Portantino Introduces Emergency Planning Bill for Utilities

The bill would require all utilities to update their emergency response plan every two years.

A local lawmaker has introduced a bill that would require all utilities to update their emergency response plan every two years.

The bill, AB 1650, was introduced by Assemblyman Anthony Portantino as a response to the November wind storms that resulted in hundreds of thousands losing power.

At recent state hearings, had outdated contact information for state officials.  Edison officials .

The bill was introduced by Assemblyman Anthony Portantino, who represents Altadena, La Cañada Flintridge, Highland Park, South Pasadena, Monrovia, Arcadia and other San Gabriel Valley communities.

"We saw in this last disaster that communications were often incomplete or confusing and the public really had no idea what was going on," wrote Portantino in a press release. "We all know the ‘Big One’ is coming--it’s just a matter of when--and we need to be prepared."

In updating their plans every two years, utility officials would be required to hold disaster preparedness meetings with the counties and cities that they serve.  The bill would apply to all gas and electric utilities, not just Southern California Edison.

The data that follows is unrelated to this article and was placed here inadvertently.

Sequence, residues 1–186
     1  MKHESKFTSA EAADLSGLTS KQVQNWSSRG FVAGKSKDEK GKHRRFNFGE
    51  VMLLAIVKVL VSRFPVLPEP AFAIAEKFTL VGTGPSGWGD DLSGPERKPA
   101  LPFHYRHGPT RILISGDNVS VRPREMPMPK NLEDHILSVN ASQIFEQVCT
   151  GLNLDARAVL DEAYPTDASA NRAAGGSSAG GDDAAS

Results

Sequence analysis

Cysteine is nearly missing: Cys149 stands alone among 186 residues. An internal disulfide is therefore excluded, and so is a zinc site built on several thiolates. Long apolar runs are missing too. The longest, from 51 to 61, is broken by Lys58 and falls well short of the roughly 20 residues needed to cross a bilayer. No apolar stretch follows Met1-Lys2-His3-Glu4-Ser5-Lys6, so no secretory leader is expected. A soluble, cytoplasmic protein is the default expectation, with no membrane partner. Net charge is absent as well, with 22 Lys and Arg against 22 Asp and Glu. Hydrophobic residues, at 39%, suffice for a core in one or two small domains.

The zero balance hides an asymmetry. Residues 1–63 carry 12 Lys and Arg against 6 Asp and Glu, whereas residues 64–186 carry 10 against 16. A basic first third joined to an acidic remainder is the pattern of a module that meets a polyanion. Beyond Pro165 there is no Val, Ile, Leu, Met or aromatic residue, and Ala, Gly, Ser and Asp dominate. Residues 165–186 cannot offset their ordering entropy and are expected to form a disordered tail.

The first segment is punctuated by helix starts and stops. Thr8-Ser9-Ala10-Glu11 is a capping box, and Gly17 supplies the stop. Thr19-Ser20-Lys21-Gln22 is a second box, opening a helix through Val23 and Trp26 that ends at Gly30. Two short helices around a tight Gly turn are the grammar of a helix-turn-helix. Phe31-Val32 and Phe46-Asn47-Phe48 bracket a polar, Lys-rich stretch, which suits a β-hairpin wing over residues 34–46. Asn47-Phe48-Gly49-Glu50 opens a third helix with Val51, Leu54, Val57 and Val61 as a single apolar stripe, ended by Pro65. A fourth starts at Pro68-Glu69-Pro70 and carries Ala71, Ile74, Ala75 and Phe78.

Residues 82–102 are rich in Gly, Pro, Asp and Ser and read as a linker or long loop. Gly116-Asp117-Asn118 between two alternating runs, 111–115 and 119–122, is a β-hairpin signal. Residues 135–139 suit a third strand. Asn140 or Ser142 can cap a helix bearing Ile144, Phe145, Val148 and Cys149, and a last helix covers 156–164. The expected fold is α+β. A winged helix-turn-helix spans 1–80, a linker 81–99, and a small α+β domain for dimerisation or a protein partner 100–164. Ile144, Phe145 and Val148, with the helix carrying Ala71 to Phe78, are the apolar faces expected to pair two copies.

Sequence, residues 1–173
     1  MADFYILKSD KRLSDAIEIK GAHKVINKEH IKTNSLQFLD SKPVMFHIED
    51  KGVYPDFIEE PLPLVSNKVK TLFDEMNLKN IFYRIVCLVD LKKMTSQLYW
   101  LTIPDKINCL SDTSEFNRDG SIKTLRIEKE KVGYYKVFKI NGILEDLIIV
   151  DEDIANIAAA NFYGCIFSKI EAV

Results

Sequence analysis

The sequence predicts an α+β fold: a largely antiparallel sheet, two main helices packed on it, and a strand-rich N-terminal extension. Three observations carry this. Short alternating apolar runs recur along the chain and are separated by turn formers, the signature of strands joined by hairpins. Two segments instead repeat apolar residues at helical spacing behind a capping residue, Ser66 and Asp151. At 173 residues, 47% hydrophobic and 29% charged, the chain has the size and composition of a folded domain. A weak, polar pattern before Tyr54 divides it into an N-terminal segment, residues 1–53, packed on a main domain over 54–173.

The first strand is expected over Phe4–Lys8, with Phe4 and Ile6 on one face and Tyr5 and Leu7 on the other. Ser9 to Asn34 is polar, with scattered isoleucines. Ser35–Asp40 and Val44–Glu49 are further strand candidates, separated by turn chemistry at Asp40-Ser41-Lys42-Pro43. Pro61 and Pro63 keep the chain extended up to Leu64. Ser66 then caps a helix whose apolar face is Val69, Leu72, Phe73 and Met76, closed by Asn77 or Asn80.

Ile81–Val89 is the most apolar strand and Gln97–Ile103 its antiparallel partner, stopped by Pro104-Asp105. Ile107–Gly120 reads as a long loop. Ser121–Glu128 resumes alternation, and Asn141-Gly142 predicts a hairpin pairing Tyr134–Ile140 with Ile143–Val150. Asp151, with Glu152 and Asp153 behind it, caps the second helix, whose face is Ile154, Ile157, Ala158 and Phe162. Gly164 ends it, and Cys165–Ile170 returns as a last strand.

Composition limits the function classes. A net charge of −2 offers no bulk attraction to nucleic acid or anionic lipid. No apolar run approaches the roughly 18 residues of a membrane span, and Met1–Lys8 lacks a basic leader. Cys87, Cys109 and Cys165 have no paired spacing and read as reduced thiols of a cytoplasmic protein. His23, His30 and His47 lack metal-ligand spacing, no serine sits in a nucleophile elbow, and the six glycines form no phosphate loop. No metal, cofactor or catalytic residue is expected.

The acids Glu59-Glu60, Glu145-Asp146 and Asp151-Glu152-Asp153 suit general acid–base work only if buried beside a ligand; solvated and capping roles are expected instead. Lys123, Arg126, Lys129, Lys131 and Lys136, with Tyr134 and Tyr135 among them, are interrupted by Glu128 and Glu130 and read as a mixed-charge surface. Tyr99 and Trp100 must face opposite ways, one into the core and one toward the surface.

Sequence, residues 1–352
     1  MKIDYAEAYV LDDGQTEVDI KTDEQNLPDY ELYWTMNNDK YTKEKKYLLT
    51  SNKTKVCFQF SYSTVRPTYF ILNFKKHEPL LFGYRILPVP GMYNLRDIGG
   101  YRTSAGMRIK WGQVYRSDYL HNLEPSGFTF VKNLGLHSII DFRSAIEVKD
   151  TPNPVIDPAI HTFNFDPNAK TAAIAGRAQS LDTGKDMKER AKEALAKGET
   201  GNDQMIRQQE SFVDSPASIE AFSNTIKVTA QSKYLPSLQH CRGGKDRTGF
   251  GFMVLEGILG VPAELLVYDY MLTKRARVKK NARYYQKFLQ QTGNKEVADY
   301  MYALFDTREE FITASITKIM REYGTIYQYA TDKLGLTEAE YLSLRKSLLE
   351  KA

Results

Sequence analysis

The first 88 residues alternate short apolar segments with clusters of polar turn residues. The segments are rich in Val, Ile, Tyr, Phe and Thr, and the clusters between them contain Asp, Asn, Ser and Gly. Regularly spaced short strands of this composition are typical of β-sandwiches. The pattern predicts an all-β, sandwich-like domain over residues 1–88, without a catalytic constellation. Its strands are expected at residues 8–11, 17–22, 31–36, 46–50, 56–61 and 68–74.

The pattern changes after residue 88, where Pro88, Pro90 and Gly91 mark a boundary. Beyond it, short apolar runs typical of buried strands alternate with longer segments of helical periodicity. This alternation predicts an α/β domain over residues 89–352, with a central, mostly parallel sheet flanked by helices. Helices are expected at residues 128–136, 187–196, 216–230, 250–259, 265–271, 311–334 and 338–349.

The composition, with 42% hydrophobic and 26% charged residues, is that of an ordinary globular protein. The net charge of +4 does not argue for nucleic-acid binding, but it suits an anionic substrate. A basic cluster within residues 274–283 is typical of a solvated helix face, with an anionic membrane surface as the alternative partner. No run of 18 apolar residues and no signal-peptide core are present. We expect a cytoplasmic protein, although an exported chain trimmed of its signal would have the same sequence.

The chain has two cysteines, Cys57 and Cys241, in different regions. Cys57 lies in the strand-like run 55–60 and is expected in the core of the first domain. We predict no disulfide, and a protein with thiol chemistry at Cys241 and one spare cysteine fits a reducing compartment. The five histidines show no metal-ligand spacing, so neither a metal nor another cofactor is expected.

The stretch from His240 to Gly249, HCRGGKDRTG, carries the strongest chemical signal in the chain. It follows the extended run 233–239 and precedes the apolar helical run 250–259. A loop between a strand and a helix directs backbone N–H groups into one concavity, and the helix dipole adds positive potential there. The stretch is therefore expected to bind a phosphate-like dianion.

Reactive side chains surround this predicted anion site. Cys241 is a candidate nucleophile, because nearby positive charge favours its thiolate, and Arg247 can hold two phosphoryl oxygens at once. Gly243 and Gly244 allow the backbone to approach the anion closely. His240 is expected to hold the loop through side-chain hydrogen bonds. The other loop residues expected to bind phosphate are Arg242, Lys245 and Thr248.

If the bill is passed and signed into law, the utilities would be required to begin their disaster preparedness meetings within three months of its passage.

Susan R February 14, 2012 at 04:25 PM
Utility companies should be doing this on their own. Why is a bill needed?
Dan Abendschein February 14, 2012 at 05:00 PM
Susan, arguably the bill is not needed at the moment. Because of the negative publicity resulting from the windstorms, SoCal Edison has been working hard to update its plans. I would imagine though that Portantino's concern is that after a couple of years Edison and other utilities may neglect their emergency plans, as it now appears they had been doing when the windstorms hit.
Laura Monteros February 14, 2012 at 06:34 PM
A bill is needed because some utilities are NOT doing this on their own. The PG&E disaster up north and the windstorms down here underscored their lack of preparation.
Carmen Martinez February 15, 2012 at 05:43 AM
I worked at the Emergency Planning at SCE and we were doing this every two years on our own. I believe it is also CPUC mandated. The CPUC gets the plan when it is completed. Not sure a Bill would update the plan's name and numbers. The plan is outdated as soon as people change jobs...
Lisa Hastings February 15, 2012 at 03:49 PM
That's fine and dandy but as evidenced by the recent protracted outage, people at SCE must have been asleep during their training/planning.


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